46

I dissent.

1

The PBGC subsequently issued Arrow a Notice of Sufficiency on March 20, 1987 approving the allocation of the assets under the Retirement Plan and determining that the Retirement Plan assets were sufficient to discharge all obligations of the Retirement Plan to the extent guaranteed by the PBGC

2

Arnold was informed that the $996.74 estimate was based on a retirement age of sixty-one, not sixty, and as a normal annuity, rather than a full cash refund

3

Arrow argues at the outset that (1) Arnold alleged the inadequacy of the Summary Plan Description in one of the claims dismissed on summary judgment, which is not on appeal, and therefore this subject should not be addressed and (2) Arnold seeks benefits directly from Arrow under a separate agreement or promise, as he agrees that Arrow properly distributed the benefits under the Retirement Plan and ERISA, and therefore fails to state a claim for loss of benefits under the Retirement Plan or ERISA

We disagree. Both the litigated claim and the district court's opinion address the issue of the adequacy of notice of the possibility of loss of benefits. Therefore, the legal adequacy of such notice falls within the scope of this appeal. Furthermore, Arrow's alleged promises to provide benefits beyond the Retirement Plan are contained within the Summary Plan Description, Arnold has stated a claim for benefits under the Retirement Plan and ERISA. Cf. Edwards v. State Farm Mut. Auto. Ins. Co., 851 F.2d 134, 136 (6th Cir.1988) (summary plan statements are binding); Kochendorfer v. Rockdale Sash & Trim Co. Profit Sharing Plan, 653 F.Supp. 612, 614 (N.D.Ill.1987) and Gors v. Venoy Palmer Market, Inc., 578 F.Supp. 365, 368 (E.D.Mich.1984) (challenges to a plan can be based on summary plan description and such a summary may modify the terms of the plan).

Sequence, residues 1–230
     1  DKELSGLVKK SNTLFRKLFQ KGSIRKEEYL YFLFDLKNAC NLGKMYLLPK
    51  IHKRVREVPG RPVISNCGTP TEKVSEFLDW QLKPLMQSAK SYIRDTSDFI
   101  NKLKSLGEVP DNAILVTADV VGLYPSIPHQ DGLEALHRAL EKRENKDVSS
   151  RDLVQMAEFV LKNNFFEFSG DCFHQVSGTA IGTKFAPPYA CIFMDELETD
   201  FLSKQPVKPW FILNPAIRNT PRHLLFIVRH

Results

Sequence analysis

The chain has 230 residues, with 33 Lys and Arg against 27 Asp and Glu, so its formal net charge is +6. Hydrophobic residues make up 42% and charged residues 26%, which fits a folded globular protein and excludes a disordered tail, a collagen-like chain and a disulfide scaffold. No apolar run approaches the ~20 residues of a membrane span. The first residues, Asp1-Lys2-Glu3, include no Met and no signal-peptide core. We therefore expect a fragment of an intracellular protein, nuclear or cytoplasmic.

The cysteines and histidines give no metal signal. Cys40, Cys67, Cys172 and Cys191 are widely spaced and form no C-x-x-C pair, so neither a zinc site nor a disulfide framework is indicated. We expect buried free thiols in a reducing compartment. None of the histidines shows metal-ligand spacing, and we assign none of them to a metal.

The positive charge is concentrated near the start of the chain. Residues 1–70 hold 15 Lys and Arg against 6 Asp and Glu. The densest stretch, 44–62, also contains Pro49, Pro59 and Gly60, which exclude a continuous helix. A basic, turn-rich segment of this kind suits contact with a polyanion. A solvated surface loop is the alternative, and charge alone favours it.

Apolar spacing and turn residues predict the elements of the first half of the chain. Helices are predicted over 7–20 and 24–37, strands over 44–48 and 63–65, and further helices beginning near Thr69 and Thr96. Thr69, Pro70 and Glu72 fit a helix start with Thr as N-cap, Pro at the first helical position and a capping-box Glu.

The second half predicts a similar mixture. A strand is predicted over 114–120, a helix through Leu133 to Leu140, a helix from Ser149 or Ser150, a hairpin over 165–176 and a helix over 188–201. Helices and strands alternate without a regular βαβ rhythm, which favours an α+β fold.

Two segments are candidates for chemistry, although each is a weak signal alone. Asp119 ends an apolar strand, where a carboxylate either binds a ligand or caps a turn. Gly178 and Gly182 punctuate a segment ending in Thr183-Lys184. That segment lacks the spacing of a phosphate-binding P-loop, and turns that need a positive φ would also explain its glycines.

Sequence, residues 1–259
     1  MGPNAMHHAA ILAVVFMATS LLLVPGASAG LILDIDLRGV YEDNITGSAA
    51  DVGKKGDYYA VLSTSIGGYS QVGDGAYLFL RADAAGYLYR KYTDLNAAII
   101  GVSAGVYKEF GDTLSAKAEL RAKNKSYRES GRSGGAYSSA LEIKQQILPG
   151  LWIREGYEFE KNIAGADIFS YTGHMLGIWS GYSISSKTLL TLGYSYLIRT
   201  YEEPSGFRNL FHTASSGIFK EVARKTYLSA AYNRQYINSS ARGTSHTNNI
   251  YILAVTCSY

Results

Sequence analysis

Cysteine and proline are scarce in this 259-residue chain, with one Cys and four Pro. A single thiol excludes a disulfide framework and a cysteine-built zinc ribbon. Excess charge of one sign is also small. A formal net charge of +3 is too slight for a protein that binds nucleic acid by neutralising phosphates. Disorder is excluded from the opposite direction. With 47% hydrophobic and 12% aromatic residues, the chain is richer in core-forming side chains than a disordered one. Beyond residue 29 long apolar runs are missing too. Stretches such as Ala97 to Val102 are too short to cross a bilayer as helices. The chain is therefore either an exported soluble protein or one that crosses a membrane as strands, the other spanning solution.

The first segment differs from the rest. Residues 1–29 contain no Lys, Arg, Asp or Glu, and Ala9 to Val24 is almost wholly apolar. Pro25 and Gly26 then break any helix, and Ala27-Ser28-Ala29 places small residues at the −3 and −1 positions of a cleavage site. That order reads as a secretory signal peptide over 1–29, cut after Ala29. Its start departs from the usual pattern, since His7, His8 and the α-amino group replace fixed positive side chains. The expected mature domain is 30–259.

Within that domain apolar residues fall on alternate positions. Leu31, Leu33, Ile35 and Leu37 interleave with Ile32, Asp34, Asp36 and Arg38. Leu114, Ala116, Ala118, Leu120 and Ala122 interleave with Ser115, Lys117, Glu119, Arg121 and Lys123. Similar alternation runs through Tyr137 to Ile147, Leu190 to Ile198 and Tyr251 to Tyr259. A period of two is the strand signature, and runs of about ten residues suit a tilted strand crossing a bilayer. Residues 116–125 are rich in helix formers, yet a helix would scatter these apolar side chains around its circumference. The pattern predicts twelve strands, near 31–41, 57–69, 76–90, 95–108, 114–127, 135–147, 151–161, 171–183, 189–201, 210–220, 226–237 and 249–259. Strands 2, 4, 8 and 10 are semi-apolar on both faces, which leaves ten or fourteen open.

4

The Code of Federal Regulations specifically provides that a summary plan description:

1

Must not minimize limitations;

2

Must describe limitations as prominently as benefits;

3

Must not be misleading; and

4

Must either disclose limitations in close conjunction to benefit provisions or provide page numbers on which restrictions are described adjacent to a description or summary of benefits

29

C.F.R. Sec. 2520.102-2(a) and (b)

5

This Restatement, a complete revision of the Retirement Plan to conform to the then recently-passed ERISA legislation, specifically provided, "If the fund is insufficient to provide any benefits, neither the employer nor the insurance company shall be liable to provide such benefits." (emphasis added). However, Arnold testified that he never saw this document, nor its 1971 predecessor

6

Arnold himself admits that while he reviewed the Summary Plan Description, he did not read the "LOSS OF BENEFITS" provisions, considering them "insurance company language" and believing that "it was something that was required in every plan, and it really wasn't too much of a concern to me." Had he read these sections, he would have realized the possibility that his future benefits might be reduced

7

Because we hold that Arrow adequately disclosed its limited liability in circumstances where the Plan could not provide full benefits, we need not address Arnold's claims as to Arrow's alleged promises of full payment of accrued benefits. See generally, Murphy v. Heppenstall Co., 635 F.2d 233, 239 (3d Cir.1980) (employer obligated to provide full accrued benefits itself where no limitation of its liability), cert. denied, 454 U.S. 1142, 102 S.Ct. 999, 71 L.Ed.2d 293 (1982)